This equation possible have some fundamental errors, but the main parameters affecting to overall sensitivity are perhaps these above.

 

Jorma

The Edmund filter is just described as > 40% transmission - so 40 is the minimum.  Not clear what it actually is.  So I would view 40 as a pessimistic value for the Edmund - and 93 as an optimistic value for the Semrock.

 

If you compare binned to unbinned with similar pixel size - that is a factor of 4 right there - but I can bin in post-processing so it isn't a hard limit.

 

The response of these cameras and the system transmission are plummeting rapidly below 400nm - so it's hard to say what the actual values are without measuring them. 

 

I just looked at the Semrock transmission spectra and I see they let in IR above around 900nm.  Are you blocking that with an additional filter?

 

So I think the dominant difference is from the f/ratio and binned vs. unbinned - which is a guaranteed factor of  about 23 right there.  And you are capturing a much wider field.

 

I don't know how the system transmission compares - but an SCT definitely has a lot of loss below 400.  If there is no need for high res. detail then I would do this UV imaging with a shorter refractor.

 

As for filters, I already have i', r', g' Sloan filters - and I would be happy to add u' to reach the CN line.  But annoyingly there is a gap between u' and g' filters right where CN lives - so that wouldn't work.  Given the rapid loss of QE and other things below 400, I think it would be OK to have the filter passband extend beyond 387 on the short side - so narrow bandpass may not be critical.  But you would want high transmission at the CN line - and it looks like the u' wouldn't work.

 

Unfortunately the Semrock may be a good enough fit for CN that there is less motivation to make custom filters for comet imaging.

 

So it looks like Semrock is the best we can do - and the main thing to focus on is the camera and optics.  There are many options a wide field imaging situation - but for 0.4" per pixel and high res - that points to a Cassegrain.  So maybe a pure DK or RC with no lenses would be best - and with coatings targeting UV.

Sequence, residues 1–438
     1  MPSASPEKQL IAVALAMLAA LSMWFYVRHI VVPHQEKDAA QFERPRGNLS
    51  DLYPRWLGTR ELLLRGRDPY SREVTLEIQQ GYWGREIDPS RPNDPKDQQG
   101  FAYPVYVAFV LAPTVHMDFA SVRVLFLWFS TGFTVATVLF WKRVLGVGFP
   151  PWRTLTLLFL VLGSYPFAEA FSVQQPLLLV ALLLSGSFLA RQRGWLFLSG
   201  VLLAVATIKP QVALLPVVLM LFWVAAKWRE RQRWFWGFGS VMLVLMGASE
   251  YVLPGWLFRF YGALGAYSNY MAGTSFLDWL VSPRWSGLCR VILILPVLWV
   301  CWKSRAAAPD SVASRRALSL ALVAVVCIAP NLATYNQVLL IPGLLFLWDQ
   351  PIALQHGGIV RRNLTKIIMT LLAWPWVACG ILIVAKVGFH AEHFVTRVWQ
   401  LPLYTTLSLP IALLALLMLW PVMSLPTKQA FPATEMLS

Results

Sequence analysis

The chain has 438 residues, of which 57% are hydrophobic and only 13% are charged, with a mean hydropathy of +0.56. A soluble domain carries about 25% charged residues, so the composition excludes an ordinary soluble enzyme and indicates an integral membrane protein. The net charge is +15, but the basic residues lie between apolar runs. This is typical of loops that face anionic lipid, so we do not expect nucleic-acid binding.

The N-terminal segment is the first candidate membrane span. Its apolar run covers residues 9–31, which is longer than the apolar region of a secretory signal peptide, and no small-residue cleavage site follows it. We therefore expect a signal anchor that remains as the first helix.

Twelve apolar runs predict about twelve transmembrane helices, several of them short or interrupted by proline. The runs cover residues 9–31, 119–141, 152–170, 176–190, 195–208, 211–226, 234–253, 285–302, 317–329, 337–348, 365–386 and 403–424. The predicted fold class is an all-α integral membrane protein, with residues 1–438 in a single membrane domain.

Frank


Edited by freestar8n, 28 January 2019 - 05:25 PM.

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#13 JoRy

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Posted 29 January 2019 - 10:31 AM

I use only Semrock 387nm filter without any IR block filter in series. Semrock start to leake in IR end after 950nm and between 950nm-1050nm it's transmission is less than 10%. On this same bandwidth area QSI690 CCD spectral response drops rapidly after 950nm (QE 10%) to being zero at 1050nm (QE 0%).

 

This combined Semrock+QSI red leake response is low and seems that it practically do not affect to final images.

 

Maryland University scanned Semrock filter and results show that it's transmission at 387nm is 93% or even bit more http://wirtanen.astr...lter_test.shtml.

 

You're right, there is perhaps no motivation by any filter manufacturer to make better CN filter having narrower band and good coatings.

 

Jorma



#14 Tonk

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Posted 29 January 2019 - 01:58 PM

Semrock start to leake in IR end after 950nm and between 950nm-1050nm it's transmission is less than 10%.


Also this is a major atmospheric H20 absorption region - so unless you are in space or on top of a really high mountain you should not see any effect from this as the IR here is literally watered down wink.gif


Edited by Tonk, 29 January 2019 - 02:14 PM.